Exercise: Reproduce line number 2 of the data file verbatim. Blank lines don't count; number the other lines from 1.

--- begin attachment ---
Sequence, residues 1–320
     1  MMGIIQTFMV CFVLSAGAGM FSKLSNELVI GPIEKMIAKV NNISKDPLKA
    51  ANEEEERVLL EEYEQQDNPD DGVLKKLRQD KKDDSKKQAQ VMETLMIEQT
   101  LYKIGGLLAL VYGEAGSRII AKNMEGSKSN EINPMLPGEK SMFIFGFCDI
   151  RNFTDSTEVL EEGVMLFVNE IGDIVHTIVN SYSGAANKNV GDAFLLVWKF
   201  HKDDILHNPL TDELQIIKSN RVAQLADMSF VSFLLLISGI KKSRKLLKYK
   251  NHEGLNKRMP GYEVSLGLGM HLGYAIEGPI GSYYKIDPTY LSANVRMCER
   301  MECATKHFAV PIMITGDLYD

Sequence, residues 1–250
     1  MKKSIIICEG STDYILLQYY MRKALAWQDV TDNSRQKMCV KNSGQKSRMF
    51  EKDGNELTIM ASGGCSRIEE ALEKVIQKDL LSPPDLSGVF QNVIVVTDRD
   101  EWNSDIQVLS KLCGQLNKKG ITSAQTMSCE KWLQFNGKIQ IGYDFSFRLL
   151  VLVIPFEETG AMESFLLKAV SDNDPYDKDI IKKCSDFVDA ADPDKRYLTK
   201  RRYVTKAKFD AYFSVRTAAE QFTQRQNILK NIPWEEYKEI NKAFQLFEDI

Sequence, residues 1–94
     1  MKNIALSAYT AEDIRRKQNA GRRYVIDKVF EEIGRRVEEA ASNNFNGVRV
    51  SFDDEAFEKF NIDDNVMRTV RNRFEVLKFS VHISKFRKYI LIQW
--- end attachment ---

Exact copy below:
     1  MMGIIQTFMV CFVLSAGAGM FSKLSNELVI GPIEKMIAKV NNISKDPLKA